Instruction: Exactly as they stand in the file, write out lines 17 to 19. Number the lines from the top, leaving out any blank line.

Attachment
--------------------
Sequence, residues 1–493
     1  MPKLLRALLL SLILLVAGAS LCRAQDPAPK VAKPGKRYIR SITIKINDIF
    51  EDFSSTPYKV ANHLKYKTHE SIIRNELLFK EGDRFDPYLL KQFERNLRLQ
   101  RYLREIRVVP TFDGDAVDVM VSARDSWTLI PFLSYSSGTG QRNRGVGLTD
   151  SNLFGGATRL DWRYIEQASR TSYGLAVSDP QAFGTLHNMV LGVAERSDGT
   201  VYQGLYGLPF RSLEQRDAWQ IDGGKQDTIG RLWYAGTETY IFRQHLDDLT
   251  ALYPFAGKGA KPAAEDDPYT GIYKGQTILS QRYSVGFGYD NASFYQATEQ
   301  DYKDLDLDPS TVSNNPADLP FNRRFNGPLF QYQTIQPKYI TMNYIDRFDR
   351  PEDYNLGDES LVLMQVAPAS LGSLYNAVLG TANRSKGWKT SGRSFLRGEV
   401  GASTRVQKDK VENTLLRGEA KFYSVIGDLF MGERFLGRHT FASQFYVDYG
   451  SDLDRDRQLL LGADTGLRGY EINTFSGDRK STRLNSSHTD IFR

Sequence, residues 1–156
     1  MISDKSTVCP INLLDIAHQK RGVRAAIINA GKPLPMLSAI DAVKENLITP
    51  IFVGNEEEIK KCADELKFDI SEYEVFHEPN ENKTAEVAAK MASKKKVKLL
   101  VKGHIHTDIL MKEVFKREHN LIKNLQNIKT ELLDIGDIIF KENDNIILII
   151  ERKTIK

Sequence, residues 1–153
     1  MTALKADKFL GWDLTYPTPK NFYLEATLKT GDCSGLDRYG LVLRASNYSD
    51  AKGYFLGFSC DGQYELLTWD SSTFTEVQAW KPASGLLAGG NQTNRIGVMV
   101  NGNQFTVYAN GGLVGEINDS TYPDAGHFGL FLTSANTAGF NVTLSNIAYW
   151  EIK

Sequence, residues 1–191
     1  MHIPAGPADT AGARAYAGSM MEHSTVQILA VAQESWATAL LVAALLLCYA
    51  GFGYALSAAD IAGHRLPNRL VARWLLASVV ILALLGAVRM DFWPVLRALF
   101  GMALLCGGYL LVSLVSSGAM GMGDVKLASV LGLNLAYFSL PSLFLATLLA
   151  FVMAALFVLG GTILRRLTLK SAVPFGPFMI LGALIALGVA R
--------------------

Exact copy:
Sequence, residues 1–153
     1  MTALKADKFL GWDLTYPTPK NFYLEATLKT GDCSGLDRYG LVLRASNYSD
    51  AKGYFLGFSC DGQYELLTWD SSTFTEVQAW KPASGLLAGG NQTNRIGVMV